Government is attempting to control the private sector, businesspersons allegeWhile the Finance Ministry’s measures are good, they’re being implemented in a way that creates hassles, they say.
When Prime Minister KP Sharma Oli picked Yubaraj Khatiwada to lead the Finance Ministry in February last year, there were expectations that the technocrat—a former central bank governor and two-time vice-chairman of the National Planning Commission—would come up with some substantial measures for the private sector.
Instead, businesspersons say that there is a growing tendency to ‘control the private sector’, and this at a time when there’s a liquidity crunch in the banking industry, which in turn, is dampening the confidence of local businesses.
The finance minister is establishing a stranglehold over the private sector, which is deterring new foreign and private sector investments, according to businesspersons. There are also concerns about capital flight.
“The mood is not good in the business community. They are afraid of being caught in a government crackdown,” Pashupati Murarka, former president of the Federation of Nepalese Chambers of Commerce and Industry, told the Post.
Senior economists aligned with the ruling Nepal Communist Party and those who have worked closely with Khatiwada in the past complain that the finance minister rarely consults with them on economic policies.
An economist who has close ties with the ruling party said that the finance minister’s background as a regulator might be influencing his decision making.
“He has been a regulator for most of his career. A regulator usually sees negative things happening and tries to control them. It is difficult for such a person to be a facilitator,” the economist told the Post on condition of anonymity.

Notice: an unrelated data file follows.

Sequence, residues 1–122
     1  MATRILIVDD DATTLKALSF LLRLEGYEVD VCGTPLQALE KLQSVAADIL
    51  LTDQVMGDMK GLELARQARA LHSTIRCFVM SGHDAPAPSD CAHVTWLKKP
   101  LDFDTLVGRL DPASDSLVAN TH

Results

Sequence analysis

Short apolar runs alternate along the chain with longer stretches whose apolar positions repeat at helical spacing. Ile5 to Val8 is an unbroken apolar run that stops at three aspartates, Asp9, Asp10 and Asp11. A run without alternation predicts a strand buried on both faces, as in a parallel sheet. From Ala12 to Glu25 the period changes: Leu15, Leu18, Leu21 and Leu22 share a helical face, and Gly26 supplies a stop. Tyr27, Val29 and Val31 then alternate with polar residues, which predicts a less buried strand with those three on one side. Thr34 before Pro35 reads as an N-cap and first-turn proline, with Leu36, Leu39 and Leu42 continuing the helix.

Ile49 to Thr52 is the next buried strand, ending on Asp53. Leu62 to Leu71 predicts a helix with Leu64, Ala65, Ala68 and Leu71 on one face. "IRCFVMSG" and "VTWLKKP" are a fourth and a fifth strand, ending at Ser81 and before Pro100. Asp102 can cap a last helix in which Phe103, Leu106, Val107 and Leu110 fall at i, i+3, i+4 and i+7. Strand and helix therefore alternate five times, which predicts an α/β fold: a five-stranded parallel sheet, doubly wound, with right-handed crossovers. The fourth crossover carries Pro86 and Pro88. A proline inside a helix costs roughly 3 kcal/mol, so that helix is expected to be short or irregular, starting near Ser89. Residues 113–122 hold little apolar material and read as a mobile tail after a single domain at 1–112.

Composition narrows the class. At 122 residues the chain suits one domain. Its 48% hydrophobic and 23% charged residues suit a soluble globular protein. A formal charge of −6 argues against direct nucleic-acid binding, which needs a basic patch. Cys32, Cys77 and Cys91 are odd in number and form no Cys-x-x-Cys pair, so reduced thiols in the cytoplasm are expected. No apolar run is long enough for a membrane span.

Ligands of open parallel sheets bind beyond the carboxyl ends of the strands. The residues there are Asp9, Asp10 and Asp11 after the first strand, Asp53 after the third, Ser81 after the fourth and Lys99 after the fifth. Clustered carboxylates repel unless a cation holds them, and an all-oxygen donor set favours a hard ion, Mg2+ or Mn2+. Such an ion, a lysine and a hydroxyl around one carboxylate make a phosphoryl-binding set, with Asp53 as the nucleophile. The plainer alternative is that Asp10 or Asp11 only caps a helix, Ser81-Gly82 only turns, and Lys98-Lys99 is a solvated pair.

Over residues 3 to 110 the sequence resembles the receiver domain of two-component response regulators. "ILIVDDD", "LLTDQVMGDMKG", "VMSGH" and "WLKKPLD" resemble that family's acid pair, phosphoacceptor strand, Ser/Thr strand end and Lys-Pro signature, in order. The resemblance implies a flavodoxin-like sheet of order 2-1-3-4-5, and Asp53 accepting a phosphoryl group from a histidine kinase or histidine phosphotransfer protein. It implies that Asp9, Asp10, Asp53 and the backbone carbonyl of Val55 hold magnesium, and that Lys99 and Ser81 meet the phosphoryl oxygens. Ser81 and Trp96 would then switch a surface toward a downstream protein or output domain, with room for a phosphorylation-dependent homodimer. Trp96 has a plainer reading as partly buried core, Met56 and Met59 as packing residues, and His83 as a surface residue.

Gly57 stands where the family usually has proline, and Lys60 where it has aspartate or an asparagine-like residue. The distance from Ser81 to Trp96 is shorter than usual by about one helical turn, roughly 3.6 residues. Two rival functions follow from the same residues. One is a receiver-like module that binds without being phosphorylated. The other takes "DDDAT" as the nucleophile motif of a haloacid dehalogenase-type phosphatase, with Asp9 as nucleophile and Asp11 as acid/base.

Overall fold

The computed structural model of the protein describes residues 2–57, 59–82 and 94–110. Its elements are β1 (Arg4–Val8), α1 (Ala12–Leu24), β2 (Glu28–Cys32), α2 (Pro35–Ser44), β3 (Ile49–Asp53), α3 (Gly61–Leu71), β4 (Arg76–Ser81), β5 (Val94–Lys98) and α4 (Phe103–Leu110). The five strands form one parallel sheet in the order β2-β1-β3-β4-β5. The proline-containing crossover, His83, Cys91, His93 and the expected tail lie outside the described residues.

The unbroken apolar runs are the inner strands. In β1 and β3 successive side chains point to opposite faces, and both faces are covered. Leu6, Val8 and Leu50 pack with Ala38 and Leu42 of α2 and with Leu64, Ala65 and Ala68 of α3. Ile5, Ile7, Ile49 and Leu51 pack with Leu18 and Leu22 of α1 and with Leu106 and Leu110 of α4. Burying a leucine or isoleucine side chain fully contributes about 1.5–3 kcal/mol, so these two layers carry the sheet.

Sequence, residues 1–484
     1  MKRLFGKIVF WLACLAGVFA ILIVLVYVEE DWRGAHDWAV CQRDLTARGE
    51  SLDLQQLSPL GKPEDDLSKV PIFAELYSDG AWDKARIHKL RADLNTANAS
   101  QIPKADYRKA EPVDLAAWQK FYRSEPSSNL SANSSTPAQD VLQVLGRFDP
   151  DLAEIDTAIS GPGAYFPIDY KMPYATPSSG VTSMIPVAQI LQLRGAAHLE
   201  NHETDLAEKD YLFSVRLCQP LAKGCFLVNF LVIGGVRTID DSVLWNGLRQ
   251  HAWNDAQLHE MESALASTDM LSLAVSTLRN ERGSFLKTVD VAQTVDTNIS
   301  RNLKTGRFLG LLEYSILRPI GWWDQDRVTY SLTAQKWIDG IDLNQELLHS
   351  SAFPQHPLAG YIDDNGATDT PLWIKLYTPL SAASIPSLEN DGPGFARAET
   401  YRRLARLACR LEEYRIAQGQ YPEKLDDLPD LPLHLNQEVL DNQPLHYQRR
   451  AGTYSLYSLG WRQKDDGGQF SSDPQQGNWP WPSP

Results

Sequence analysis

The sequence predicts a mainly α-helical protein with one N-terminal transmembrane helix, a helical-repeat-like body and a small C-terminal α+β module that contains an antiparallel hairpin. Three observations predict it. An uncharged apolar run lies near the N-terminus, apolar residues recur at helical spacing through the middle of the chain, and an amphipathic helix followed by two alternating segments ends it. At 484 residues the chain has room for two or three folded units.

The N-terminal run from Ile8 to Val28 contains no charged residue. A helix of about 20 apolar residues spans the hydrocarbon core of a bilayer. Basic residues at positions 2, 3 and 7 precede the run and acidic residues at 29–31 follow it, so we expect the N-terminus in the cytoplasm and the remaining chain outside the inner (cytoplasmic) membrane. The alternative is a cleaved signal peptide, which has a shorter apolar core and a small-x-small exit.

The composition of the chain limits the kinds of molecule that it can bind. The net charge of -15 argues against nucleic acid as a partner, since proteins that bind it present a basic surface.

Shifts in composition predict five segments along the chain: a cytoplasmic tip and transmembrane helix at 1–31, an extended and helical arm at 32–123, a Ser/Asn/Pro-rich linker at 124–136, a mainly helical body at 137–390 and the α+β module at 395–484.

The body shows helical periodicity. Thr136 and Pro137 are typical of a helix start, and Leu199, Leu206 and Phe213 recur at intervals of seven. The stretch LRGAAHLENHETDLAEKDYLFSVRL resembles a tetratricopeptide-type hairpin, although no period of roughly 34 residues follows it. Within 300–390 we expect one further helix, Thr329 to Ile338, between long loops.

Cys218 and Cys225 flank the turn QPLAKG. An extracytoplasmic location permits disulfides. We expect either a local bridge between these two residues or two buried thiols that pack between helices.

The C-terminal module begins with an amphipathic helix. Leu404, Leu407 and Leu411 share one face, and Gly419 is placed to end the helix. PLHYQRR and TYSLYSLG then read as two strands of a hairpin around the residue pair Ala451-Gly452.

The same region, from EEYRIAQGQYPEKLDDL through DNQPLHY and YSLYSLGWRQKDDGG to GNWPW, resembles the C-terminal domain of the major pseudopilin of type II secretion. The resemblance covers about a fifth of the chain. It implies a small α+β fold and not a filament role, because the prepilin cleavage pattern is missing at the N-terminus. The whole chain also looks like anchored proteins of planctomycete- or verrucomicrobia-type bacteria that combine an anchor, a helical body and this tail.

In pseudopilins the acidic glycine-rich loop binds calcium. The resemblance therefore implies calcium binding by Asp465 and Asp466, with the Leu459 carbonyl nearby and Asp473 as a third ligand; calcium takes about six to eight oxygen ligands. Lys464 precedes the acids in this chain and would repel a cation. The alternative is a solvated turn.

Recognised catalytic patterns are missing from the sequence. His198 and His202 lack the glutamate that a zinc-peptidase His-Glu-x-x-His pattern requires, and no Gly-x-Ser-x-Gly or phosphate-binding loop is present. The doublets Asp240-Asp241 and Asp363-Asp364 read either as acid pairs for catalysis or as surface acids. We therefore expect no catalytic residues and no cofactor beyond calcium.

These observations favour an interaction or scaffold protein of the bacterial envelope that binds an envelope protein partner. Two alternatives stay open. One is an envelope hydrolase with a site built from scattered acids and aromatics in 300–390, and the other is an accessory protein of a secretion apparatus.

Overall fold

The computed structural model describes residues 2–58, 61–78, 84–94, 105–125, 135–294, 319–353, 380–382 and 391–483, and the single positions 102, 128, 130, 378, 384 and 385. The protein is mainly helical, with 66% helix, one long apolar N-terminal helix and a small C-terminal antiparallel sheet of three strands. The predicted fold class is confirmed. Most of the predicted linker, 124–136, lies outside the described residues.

Businesspersons say that they are shocked at the recent measures taken by the government to curb tax evasion and money laundering, which include requiring banks to share financial details of borrowers with the tax authorities. They also cite the Revenue Leakage Control Bill, currently tabled in Parliament, which has provisions for jail time for tax evaders. The private sector has opposed this on the grounds that tax evasion should only merit fines.
A provision in the proposed anti-money laundering directive by the Office of Company Registrar that traders need to maintain details about customers who purchase goods and services above Rs1 million is also problematic for the private sector as adding more red-tape to doing business.
Private businesses are also concerned by the implementation of a vehicle consignment and tracking system, which the Department of Revenue Investigation is implementing to keep records of all cargo vehicles to prevent tax evasion where importers provide different accounts of the goods they’re importing.
They have also been complaining about the valuation of goods imported from abroad, which they claim to be arbitrary. According to the private sector, these measures are good but were implemented in a way that they create hassles.
“The intention of all these measures is good. But their implementation all at once gives the impression that the government is trying to control the private sector,” said Birendra Pandey, vice-president of the Confederation of Nepalese Industries (CNI), a grouping of medium- and large-scale industries.
Those who know Khatiwada well describe him as a person who believes in some level of state control.
Khatiwada, however, denied that the government was attempting to control the private sector through the recent measures aimed at improving tax compliance and checking evasion.